Wednesday, May 21, 2014

The Weekly Draconian, 5/21/14

Enjoy the second installment of The Weekly Draconian, featuring columnist T.J. Minus of the province Arrknight, and world-renowned investigative journalist Glen Greenscale.

Wednesday, May 21

"Cristalitis" Epidemic Baffles Draconian Doctors

Columnist: T.J. Minus
Investigative Journalist: Glen Greenscale

We've all heard of cottontooth, Bootjaw kidney fever, and wyvern's rash, but a new flu is sweeping the provinces, and never has the like been seen by any doctor, doctor's assistant, apothecary, crazy draconian quack doctor, or hillbilly cannibal in existence. The recent breakout of what has been termed "Cristalitis," short for Cristalitis episophagocytositoma. No one has been able to recall any such sickness ever happening in the history of the world.

The symptoms are extremely painful. Says Scalpella the Surgeon, M.D. at Northern General Hospital, "The first signs of the disease are a sore throat and weak fire. From then on, it progresses to Stage 2, which is when the full growth of crystal forms in the spark pouch. It's characterized by the loss of the ability to breathe fire and extreme pain in speaking and swallowing. Stage 3 is when the growth hardens and seals itself to outside attack from the immune system."

This extremely painful illness has been ravaging the Northern Provinces, and no one is quite sure of the cause. The only clue is its regionality. Draconian officials have been quick to limit the disease's spread by creating a temporary no-fly zone to and from the provinces of Frizid, Denpeake, and Frostuay.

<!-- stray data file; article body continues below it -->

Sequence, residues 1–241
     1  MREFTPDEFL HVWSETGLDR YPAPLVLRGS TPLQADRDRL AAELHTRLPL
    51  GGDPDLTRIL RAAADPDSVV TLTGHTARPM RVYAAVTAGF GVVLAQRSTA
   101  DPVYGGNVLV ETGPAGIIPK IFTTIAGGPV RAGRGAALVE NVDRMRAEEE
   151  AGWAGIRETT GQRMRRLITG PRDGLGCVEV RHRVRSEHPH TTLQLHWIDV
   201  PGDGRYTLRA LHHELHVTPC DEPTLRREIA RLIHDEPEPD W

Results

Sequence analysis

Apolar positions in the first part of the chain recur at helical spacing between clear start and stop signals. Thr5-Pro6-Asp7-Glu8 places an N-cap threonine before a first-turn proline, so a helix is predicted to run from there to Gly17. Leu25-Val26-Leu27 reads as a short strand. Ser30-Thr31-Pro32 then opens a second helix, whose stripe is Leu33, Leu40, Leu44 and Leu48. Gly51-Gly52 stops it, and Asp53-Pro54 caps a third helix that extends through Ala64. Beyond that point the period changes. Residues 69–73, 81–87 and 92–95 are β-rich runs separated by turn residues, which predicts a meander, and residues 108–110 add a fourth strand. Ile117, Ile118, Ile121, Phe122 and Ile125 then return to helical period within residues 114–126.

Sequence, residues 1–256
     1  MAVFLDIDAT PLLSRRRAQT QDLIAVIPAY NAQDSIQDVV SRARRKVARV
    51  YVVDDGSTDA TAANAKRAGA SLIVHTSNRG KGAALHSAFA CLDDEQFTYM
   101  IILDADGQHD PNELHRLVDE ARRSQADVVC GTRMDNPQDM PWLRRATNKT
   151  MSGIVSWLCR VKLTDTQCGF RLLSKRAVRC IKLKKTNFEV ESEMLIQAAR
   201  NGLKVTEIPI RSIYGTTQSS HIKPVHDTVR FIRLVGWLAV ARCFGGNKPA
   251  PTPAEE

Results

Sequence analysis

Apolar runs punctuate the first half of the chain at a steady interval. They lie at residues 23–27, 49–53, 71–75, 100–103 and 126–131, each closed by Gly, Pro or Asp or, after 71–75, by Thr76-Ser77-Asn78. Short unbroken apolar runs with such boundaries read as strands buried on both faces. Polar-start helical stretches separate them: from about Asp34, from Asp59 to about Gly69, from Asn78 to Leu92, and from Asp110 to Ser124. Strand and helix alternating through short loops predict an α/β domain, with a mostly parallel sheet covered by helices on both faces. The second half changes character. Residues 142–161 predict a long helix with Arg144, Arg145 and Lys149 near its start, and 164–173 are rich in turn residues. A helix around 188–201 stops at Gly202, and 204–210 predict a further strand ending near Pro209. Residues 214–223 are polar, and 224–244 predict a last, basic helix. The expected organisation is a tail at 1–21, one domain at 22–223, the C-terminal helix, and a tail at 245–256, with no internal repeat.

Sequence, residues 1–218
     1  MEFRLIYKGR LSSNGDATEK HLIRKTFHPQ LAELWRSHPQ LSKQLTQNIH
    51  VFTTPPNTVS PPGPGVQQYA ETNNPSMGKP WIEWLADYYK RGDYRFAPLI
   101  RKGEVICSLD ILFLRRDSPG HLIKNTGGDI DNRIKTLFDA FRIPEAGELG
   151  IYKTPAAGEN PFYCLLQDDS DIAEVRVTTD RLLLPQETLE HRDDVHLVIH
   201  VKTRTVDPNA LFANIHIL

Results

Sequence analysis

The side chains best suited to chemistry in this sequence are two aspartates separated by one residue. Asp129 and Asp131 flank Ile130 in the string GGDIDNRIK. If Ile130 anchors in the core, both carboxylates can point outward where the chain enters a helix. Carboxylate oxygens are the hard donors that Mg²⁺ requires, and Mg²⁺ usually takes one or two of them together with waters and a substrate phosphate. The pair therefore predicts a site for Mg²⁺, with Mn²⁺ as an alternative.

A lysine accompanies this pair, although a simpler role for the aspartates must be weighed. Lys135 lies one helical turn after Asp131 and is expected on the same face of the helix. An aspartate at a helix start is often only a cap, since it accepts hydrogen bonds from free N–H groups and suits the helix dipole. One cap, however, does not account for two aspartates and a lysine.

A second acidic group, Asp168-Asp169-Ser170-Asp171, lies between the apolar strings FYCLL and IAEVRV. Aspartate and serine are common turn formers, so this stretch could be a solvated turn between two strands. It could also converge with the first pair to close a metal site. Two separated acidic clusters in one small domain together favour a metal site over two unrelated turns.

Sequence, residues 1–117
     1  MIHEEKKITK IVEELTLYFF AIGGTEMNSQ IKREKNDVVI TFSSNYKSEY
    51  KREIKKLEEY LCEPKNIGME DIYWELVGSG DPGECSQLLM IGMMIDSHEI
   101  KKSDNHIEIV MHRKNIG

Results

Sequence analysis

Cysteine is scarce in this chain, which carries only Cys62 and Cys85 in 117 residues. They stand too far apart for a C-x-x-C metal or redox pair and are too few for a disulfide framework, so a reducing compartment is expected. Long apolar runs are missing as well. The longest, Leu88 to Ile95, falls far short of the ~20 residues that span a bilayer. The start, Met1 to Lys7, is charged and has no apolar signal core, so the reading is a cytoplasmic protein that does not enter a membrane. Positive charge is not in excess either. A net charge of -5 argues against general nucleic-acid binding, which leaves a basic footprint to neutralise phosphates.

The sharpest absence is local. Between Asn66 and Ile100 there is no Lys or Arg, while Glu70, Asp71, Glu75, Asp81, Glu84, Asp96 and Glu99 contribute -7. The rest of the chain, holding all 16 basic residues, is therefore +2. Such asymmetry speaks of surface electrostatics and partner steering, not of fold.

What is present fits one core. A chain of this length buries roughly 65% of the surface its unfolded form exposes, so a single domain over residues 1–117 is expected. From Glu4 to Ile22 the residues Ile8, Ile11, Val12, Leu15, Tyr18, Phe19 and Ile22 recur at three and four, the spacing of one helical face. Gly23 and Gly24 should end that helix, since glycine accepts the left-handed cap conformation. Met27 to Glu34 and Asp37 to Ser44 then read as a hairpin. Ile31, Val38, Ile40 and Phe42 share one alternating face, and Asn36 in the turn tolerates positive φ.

In hopes of finding the source and ending the quarantine, a team of top-notch field analysts have been deployed to examine the food and water supplies of the region, as well as environmental plant growth. They hope to find the cause, and possibly the cure, to this epidemic.

Says Scalpella, "Our best bet so far has been to rub goat soap on the throat to eliminate soreness and swelling. There has also been success with seaweed concoctions in diminishing the size of the crystalline growths on the insides of the patients' throats."

The hospital waits on pins and needles for the field analysts to come back with their discoveries, and hopefully put an end to the crystalitis crisis.

T.J. Minus,
Junior Columnist, Current Affairs